“I have PSD” is a short film by Hyperakt and friends. Commissioned by Adobe, it’s an upbeat and charming little ad that makes me feel like firing up Photoshop and tinkering around and actually creating something with that otherwise horrifically bloated suite.
Archive for November, 2010
If you read Daring Fireball, you must have come across Gruber’s links to Taiwanese video-makers Next Media Animation’s excellent 3D animated news summaries on iPhone 4 Antennagate, the Tea Party and today’s one on the TSA’s enhanced security measures.
The last one tipped me off to their new site, which is full. of. win. I think I can rely on the NMA video feed and the Daily Show for my updates on world news from now on. My new favourite is the US-Sino Currency Rap Battle one, which has a succinct wrap-up of China-US currency tensions presented by rapping Obama, gangsta Hu, and their respective dancing posses of Uncle Sam and giant pandas.
I laughed and I laughed, and then I felt terrible, and then I laughed some more.
Speirs – the fellow behind the iPad project school – is a smart man, and I wouldn’t bet against his long-term predictions on educational technology:
- Pupils and teachers will never wish they had fewer computers.
- Pupils and teachers will never wish their devices had shorter battery life than the iPad.
- Pupils and teachers will never wish that they had to queue up to get access to computers.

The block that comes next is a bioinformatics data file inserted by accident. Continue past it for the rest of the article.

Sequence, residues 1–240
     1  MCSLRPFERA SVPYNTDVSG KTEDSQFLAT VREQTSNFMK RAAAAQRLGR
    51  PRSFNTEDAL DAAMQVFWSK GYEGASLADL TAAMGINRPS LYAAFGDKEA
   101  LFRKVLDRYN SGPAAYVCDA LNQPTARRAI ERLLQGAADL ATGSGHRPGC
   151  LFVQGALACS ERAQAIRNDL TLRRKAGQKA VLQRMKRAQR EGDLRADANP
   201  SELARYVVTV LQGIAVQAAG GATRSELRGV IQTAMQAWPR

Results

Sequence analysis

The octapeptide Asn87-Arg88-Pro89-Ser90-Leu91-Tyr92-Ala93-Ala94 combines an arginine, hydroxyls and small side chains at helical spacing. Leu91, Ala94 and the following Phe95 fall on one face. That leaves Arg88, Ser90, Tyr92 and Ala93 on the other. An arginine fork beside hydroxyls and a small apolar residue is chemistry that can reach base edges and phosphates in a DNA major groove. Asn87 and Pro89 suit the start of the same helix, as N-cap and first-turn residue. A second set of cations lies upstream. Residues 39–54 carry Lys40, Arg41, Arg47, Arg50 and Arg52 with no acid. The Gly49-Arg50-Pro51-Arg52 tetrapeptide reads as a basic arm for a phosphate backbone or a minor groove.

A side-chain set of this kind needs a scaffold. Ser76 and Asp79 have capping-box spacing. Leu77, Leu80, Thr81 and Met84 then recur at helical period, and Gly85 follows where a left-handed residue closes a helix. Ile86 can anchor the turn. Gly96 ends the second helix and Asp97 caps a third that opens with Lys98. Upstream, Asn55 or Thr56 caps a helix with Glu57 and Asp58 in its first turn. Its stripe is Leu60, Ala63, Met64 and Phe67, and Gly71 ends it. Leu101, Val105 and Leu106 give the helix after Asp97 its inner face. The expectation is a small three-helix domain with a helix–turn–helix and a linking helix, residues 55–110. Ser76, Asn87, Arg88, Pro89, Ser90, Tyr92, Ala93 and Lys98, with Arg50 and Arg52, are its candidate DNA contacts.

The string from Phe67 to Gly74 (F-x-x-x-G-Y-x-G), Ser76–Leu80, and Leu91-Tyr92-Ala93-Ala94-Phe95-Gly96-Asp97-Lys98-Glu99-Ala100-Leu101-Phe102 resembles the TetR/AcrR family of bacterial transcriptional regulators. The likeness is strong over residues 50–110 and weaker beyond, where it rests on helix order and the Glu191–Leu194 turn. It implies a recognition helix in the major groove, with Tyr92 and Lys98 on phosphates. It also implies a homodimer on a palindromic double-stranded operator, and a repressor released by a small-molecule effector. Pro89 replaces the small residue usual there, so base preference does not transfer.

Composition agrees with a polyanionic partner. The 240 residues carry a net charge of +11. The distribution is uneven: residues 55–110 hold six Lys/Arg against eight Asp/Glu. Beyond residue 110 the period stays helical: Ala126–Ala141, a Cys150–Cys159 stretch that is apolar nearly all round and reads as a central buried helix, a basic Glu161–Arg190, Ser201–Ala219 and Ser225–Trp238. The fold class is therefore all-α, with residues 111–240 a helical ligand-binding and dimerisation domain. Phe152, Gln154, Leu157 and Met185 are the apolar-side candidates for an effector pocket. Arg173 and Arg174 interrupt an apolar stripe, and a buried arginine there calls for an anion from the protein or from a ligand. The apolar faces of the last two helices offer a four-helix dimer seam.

- Pupils and teachers will never wish that their internet access was slower.
- Pupils and teachers will never want a device that’s harder to use than the iPad.
- Teachers will never want to have to go to a special classroom to use The Computers.
- Nobody will want a device that’s more expensive and less capable than the iPad.
- Nobody will want to carry around a device that’s significantly heavier than the iPad all day.
- Pupils will not want to use a special “education device” when the market is going elsewhere.
- Schools will not want to deploy a device that requires more tech support than an iPad.
Or, as he puts so succinctly:
Fixating on specific technologies, such as interactive whiteboards, has cost schools dearly and has largely failed to meaningfully transform classroom practice.
At the last major educational technology conference here (ICTLT), all I saw among vendor offerings were interactive whiteboards and learning management systems. This was more than a little disappointing, given how rapidly personal mobile technology had evolved over the last couple of years — how could nobody have leveraged on its potential in the educational technology space?! Nevertheless, I’m hopeful and very curious to see how — or, well, if — the vendor offerings evolve at the next conference.
When I copy and paste text from one document to another, I almost always want it to match the style of the document I’m pasting into. This means the pasted text will match the destination’s font, size and colour, and will also be stripped of unnecessary formatting (indentation, links) from the source.
On the Mac, this is usually easy enough – in most programs, instead of typing cmd-V to paste, just use cmd-opt-shift-V. To ensure this works everywhere, I usually use a TextExpander shortcut (I use \) to paste my clipboard contents as plain text.
On Windows, I use the “Paste Special” command, usually under the “Edit” menu item. So on the keyboard, that’s Alt-E, S, V, and then usually U for “unformatted text”. Not easy, but I got used to it. However, we recently got upgraded to Outlook 2007 at work (ding dong, the Lotus Notes witch is dead!). With its hilarious Ribbon, however, my paste key sequence got changed, and is now Alt-H, V, S. Gahhhh!! Muscle memory rage!!
I now use a free little (13KB!) program called PureText to paste as plain text using Windows-V. It’s marvelous — a lightweight and simple program that works as advertised. It’s even compatible from Windows 95 all the way to 7. (88 versions of Windows! OMG!)